5 Things to Inspect When Your Water Heater Fails

To check if a water heater is not working, first, check the circuit breaker or fuse box. Second, inspect the thermostat and heating element to ensure they are functioning correctly.

A malfunctioning water heater is a common problem faced by many homeowners. It can be frustrating and inconvenient, especially during the winter months when hot water is a necessity. If you find yourself in this predicament, there are a few things you can do to troubleshoot the issue before calling a professional plumber.

In this article, we will discuss some common reasons why your water heater may not be working, the steps you can take to diagnose the problem, and possible solutions to get your hot water flowing again. By following these simple tips, you can avoid costly repairs and ensure your home has reliable access to hot water whenever you need it.

5 Things to Inspect When Your Water Heater Fails

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Check #1: Age Of The Water Heater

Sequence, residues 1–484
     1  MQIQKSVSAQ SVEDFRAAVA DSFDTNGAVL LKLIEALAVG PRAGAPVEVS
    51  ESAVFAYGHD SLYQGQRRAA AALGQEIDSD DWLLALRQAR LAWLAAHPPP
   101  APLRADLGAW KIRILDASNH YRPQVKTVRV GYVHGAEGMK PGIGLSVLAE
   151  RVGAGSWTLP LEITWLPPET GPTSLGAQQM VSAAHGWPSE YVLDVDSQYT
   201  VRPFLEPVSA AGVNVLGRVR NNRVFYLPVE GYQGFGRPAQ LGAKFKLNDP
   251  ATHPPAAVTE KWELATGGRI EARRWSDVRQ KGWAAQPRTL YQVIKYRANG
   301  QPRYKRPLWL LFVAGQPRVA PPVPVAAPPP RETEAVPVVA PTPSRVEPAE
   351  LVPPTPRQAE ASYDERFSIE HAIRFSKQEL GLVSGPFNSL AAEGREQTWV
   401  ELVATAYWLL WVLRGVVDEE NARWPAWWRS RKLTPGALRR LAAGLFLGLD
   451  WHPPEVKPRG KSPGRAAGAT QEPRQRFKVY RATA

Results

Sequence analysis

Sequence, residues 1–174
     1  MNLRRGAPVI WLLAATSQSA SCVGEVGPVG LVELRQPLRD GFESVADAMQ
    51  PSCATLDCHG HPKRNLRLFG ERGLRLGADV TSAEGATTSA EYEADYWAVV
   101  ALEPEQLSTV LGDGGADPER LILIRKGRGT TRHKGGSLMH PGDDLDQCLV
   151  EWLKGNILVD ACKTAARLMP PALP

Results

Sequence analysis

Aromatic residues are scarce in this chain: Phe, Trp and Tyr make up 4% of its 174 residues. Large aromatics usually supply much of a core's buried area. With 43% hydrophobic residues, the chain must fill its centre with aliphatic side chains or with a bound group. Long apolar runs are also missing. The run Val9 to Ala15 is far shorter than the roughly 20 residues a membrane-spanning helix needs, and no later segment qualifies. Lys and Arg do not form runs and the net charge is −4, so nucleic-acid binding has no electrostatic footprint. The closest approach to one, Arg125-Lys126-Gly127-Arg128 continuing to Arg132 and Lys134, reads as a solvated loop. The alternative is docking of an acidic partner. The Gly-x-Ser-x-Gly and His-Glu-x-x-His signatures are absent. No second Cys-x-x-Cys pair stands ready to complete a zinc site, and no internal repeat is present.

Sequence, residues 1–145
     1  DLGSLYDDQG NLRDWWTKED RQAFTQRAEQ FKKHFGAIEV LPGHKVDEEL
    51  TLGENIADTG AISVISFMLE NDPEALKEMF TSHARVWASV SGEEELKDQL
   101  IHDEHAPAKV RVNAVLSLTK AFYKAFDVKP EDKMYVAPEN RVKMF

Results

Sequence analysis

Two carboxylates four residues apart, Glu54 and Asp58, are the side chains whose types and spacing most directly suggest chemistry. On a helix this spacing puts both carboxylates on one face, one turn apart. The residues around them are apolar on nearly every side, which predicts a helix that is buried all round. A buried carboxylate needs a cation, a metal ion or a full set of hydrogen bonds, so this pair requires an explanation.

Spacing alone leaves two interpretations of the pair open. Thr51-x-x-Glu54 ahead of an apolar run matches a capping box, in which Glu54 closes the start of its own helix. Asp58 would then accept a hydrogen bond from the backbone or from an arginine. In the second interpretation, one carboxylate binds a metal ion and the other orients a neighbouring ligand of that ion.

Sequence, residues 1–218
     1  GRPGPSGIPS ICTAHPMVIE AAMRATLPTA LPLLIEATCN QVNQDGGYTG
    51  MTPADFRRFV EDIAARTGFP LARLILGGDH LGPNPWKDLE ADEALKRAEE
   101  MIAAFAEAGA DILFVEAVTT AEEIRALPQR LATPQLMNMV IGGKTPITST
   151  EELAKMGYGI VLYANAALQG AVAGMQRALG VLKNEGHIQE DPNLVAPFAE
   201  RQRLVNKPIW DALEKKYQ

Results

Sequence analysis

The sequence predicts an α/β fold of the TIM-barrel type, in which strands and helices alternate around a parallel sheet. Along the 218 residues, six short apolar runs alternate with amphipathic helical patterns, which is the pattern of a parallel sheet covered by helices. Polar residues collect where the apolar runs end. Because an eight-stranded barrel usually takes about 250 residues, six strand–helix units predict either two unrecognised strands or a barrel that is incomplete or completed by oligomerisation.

How The Age Of The Water Heater Can Affect Its Performance And Energy Efficiency

The age of your water heater has a significant impact on how efficiently it runs. As it gets older, its performance will start to decline, and it will become less energy-efficient. Here are some key points to keep in mind:

  • The average lifespan of a water heater is ten to fifteen years. If your water heater is over a decade old, it’s a good idea to start monitoring its performance closely.
  • The older your water heater is, the harder it has to work to heat water, leading to higher energy bills.
  • Older water heaters may not heat water to the desired temperature, causing unexpected cold water bursts during the shower or washing dishes.

Signs Of An Aging Water Heater, Such As Rust And Leaks